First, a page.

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Bike Your Drive!

D-Tour Safety Flag Update

Last month, we posted a first impression of the D-Tour Bicycle Safety Flag. For those of you who missed the article, the flag itself is made of highly reflective nylon — fluorescent yellow-green for the body and silver for the stripes and trim. This fabric flag and “sock? fit over a springy metal arm. The flag “arm? appears to be made of stainless steel, and the attachment bracket is machined aluminum with plastic frame clamps. The flag comes with two pairs of two different sizes of Cateye plastic frame clamps and very clear and concise instructions for mounting the assembly. Once assembled and deployed, the flag device sticks out about 24″ to the side of the bike. It then folds straight back when not in use.

It’s really a clever and simple device. Better yet, it seems to work! We’ve ridden with these flags on the streets of California and Florida, and can honestly say that it seems motorists WILL give you a bit of extra room when you have this flag deployed. Another phenomenon I noticed while riding around the mean streets of Tampa is that motorists seemed to be less likely to turn left in front of me when the flag is extended. Apparently, the bright yellow flag captures more motorists’ attentions than a cyclist rolling full-tilt towards them! It was certainly a nice phenomenon to experience…I don’t know if it was the “placebo effect? or something, but I did notice it.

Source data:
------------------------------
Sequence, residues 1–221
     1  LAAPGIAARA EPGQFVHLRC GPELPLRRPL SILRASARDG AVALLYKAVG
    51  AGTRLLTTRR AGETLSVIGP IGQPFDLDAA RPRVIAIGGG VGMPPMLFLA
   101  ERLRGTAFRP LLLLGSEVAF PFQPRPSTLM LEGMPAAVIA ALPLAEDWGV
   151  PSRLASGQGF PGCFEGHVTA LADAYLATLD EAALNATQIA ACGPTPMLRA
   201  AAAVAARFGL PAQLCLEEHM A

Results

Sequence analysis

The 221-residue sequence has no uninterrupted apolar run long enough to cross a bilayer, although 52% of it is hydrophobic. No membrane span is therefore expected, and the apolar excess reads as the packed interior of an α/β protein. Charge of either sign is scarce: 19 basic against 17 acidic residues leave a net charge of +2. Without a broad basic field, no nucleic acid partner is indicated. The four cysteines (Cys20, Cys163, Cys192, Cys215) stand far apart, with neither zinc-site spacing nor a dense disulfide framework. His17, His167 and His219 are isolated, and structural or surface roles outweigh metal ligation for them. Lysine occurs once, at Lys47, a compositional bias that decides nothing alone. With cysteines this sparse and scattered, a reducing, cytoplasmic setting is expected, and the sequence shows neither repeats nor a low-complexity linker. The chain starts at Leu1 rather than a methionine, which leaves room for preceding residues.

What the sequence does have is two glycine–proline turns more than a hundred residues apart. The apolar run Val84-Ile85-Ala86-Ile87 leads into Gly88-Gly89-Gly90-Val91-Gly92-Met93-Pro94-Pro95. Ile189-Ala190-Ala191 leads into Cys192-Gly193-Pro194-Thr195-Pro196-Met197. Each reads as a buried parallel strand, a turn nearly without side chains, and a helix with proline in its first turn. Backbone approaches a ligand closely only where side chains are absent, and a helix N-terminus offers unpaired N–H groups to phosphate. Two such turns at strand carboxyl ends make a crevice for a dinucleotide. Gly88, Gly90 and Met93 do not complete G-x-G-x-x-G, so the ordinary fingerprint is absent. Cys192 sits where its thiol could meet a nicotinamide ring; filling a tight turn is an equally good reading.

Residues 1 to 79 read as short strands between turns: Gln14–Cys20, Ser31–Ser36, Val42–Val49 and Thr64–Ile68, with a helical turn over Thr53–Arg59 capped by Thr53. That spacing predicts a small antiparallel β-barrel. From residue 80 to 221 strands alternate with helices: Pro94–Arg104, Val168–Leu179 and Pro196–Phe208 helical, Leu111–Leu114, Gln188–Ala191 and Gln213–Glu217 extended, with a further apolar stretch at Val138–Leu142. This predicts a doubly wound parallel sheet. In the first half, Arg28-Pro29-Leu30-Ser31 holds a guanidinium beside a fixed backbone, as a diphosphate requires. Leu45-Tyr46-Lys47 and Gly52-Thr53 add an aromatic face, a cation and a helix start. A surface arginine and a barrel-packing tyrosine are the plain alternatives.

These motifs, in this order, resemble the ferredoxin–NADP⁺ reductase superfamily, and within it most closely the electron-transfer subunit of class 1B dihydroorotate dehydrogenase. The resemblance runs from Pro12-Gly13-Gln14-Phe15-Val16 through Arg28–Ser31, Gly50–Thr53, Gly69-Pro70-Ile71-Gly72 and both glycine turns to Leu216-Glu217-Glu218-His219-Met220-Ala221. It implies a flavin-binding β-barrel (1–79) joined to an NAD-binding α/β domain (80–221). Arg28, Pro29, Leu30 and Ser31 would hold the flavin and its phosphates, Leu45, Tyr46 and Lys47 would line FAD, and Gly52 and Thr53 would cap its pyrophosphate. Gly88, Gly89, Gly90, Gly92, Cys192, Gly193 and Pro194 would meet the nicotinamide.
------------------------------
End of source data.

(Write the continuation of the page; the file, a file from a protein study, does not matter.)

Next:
I must admit — intially, this is not something I would have bought for my bike. To be honest, I prefer less hardware and gadgets on my “fast commuter? bike…a couple of lights and a rear reflector are the only safety equipment it has on it. But, now that I have experienced the benefits of this flag, I am forced to reconsider. The flag retails at $20.00 + shipping — is that worth a couple extra feet of passing room from motorists? I think so!